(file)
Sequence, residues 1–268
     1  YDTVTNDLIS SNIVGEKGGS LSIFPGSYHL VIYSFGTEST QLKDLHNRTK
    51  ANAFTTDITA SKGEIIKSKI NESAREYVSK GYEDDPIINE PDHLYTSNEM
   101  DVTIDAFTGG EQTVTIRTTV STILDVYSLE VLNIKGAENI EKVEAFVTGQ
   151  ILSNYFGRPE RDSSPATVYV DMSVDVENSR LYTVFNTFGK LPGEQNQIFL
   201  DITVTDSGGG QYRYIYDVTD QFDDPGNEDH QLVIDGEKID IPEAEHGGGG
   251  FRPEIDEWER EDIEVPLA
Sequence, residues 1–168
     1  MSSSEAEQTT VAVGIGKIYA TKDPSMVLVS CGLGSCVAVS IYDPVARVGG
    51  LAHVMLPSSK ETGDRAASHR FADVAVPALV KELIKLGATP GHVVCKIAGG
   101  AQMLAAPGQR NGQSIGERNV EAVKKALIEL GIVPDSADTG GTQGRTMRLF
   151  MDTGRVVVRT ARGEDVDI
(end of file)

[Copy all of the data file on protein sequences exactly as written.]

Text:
Sequence, residues 1–268
     1  YDTVTNDLIS SNIVGEKGGS LSIFPGSYHL VIYSFGTEST QLKDLHNRTK
    51  ANAFTTDITA SKGEIIKSKI NESAREYVSK GYEDDPIINE PDHLYTSNEM
   101  DVTIDAFTGG EQTVTIRTTV STILDVYSLE VLNIKGAENI EKVEAFVTGQ
   151  ILSNYFGRPE RDSSPATVYV DMSVDVENSR LYTVFNTFGK LPGEQNQIFL
   201  DITVTDSGGG QYRYIYDVTD QFDDPGNEDH QLVIDGEKID IPEAEHGGGG
   251  FRPEIDEWER EDIEVPLA
Sequence, residues 1–168
     1  MSSSEAEQTT VAVGIGKIYA TKDPSMVLVS CGLGSCVAVS IYDPVARVGG
    51  LAHVMLPSSK ETGDRAASHR FADVAVPALV KELIKLGATP GHVVCKIAGG
   101  AQMLAAPGQR NGQSIGERNV EAVKKALIEL GIVPDSADTG GTQGRTMRLF
   151  MDTGRVVVRT ARGEDVDI